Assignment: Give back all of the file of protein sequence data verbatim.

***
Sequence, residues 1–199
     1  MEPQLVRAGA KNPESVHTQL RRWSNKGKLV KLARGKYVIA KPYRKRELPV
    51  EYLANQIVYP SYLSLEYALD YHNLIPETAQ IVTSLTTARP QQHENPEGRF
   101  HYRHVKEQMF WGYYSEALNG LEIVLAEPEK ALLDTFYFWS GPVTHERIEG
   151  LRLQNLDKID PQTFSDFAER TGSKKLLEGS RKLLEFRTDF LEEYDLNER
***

Sequence, residues 1–199
     1  MEPQLVRAGA KNPESVHTQL RRWSNKGKLV KLARGKYVIA KPYRKRELPV
    51  EYLANQIVYP SYLSLEYALD YHNLIPETAQ IVTSLTTARP QQHENPEGRF
   101  HYRHVKEQMF WGYYSEALNG LEIVLAEPEK ALLDTFYFWS GPVTHERIEG
   151  LRLQNLDKID PQTFSDFAER TGSKKLLEGS RKLLEFRTDF LEEYDLNER